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Equity, efficiency and "empowerment": The construction of gender and the environment in development discourse
This dissertation takes a critical standpoint on developmentalism, a theoretical perspective which conceptualizes development as more than an apolitical, socio-economic endeavor: Instead, development is presented as an artificially orchestrated network of institutions and practices which have systematically created the objects of which they spoke. It molds and arranges them in specific and limited ways in order to reproduce relations of dominance. This dissertation will explore the power/knowledge nexus within the Gender, Environment and Development (GED) discourse that has been articulated by the United Nations within the Sustainable Human Development paradigm, to examine the problematization of the concepts of gender and the environment and their subsequent appropriation and bureaucratization to reproduce relations of dominance. French philosopher Michel Foucault through his complex analysis of power and knowledge, lends the most appropriate framework to critically examine the negotiation and balance of power through the analyses of discourse. This dissertation uses Foucault's fundamental insights into the nature and dynamics of discourse, power and knowledge to analyze dominant disciplinary and normative mechanisms, and thereby to illustrate how the West has produced discourses about the Third World to maintain dominance over it. In addition to the analysis of development as a discourse of power, this dissertation studies in depth the complex constructions of gender and the environment within the development discourse of the United Nations using a unique tripartite methodology which reveals the power/knowledge nexus embedded within representative gender, environment and development discursive texts. It emphasizes the objectification of Third World women and the environment as mere resources to the economy via the textual rules of formation and policy. Therefore, through its deconstruction of "underdevelopment" as articulated within the discourse on gender and the environment, this dissertation allows for the anthropologization of this domain in a manner oppositional to those based on liberal and individualistic Western notions of equity, efficiency, rationality, progress, growth and empowerment. In this way, it illustrates the spaces created by the trajectories of the three major strategies through which development has been deployed.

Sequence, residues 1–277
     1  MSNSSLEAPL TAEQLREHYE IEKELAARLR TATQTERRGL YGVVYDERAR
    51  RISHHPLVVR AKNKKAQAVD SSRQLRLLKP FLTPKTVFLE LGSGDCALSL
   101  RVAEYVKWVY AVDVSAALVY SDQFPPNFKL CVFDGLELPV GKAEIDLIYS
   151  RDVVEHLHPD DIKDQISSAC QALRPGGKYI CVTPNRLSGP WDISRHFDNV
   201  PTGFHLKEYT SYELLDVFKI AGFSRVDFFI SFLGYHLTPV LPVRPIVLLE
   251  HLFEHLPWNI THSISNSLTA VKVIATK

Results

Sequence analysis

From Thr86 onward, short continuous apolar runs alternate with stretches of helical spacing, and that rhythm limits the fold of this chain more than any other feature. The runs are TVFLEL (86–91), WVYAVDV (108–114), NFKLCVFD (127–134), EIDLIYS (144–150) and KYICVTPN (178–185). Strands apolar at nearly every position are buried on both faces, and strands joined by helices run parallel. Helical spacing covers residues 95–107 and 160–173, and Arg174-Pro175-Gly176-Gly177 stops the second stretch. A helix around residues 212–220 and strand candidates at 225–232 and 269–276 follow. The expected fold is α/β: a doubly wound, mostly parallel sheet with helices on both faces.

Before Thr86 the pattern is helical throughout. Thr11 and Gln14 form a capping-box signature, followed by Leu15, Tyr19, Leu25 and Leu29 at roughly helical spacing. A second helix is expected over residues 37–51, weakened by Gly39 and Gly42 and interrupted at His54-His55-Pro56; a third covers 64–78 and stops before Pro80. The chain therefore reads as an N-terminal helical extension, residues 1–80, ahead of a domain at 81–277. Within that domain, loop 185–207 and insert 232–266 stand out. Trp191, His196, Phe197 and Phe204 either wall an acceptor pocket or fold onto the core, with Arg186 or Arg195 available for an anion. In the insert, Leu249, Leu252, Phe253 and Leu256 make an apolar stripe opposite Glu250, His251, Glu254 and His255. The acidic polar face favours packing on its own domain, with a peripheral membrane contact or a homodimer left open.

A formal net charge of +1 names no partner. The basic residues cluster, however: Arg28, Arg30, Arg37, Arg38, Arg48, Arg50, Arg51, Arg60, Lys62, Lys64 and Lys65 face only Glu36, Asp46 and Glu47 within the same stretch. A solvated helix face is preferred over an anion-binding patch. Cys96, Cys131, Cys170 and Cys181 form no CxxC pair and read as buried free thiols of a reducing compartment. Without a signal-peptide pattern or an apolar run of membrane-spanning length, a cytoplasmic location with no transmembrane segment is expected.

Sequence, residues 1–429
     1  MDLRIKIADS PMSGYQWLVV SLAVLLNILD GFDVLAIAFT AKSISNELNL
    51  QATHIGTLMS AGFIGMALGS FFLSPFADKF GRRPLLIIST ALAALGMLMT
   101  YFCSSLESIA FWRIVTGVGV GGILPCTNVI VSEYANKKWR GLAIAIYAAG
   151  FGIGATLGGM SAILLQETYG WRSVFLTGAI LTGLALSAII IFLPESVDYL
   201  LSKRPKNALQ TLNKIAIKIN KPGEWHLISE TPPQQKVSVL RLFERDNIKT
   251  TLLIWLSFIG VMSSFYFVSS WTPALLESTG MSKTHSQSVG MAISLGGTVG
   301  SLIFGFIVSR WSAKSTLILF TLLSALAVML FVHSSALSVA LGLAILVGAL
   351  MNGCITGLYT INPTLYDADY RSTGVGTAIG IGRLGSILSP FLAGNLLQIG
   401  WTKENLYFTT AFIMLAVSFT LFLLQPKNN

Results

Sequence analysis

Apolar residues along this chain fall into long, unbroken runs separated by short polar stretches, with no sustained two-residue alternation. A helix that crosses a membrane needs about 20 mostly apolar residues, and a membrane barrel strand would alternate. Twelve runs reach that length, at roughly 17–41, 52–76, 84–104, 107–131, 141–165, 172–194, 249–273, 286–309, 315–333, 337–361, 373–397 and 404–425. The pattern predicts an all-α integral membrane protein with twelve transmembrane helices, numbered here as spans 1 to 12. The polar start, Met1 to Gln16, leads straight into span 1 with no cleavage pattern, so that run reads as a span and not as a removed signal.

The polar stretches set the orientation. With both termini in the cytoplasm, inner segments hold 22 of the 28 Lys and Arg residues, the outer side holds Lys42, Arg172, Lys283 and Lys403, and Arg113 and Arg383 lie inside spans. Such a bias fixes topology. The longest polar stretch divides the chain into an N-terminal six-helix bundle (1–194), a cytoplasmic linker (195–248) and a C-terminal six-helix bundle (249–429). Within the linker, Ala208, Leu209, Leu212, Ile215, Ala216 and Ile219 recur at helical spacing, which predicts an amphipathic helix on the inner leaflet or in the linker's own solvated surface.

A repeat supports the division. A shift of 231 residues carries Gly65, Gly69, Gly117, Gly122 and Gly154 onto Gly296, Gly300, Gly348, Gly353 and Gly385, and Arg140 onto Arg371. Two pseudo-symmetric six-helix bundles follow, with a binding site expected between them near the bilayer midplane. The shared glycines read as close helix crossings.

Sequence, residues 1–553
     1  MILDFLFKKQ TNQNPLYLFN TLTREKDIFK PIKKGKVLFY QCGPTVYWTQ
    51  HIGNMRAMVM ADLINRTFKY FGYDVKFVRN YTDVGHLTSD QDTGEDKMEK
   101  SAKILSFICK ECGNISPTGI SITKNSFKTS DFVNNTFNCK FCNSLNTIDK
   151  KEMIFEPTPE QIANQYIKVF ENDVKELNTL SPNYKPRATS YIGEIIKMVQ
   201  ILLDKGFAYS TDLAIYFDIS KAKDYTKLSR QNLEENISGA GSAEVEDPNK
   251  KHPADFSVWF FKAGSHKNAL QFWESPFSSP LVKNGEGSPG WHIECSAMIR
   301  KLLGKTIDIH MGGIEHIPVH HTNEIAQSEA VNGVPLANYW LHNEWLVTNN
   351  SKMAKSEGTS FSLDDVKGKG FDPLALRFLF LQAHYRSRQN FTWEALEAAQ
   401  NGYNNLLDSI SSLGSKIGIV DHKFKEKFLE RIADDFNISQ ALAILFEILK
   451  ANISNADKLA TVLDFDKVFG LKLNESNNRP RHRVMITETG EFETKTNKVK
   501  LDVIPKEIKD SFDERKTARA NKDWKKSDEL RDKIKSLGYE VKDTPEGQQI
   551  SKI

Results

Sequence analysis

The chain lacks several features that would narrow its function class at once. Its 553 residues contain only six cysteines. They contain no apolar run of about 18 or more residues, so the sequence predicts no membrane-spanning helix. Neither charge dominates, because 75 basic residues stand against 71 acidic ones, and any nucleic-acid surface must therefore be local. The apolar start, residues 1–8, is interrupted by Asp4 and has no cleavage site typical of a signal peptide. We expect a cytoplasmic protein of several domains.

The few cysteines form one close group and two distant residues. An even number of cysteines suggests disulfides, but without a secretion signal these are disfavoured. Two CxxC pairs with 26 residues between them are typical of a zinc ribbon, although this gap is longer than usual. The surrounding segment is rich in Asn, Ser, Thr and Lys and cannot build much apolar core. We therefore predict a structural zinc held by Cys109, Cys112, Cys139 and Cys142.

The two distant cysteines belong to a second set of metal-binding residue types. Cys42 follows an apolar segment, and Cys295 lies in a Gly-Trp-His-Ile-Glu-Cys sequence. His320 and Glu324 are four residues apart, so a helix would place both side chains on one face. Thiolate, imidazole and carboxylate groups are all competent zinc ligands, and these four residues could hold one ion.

Communication|Public administration|Social structure|Womens studies
Davierwalla, Simoneel Hoshang, "Equity, efficiency and "empowerment": The construction of gender and the environment in development discourse" (1996). Doctoral Dissertations Available from Proquest. AAI9638951.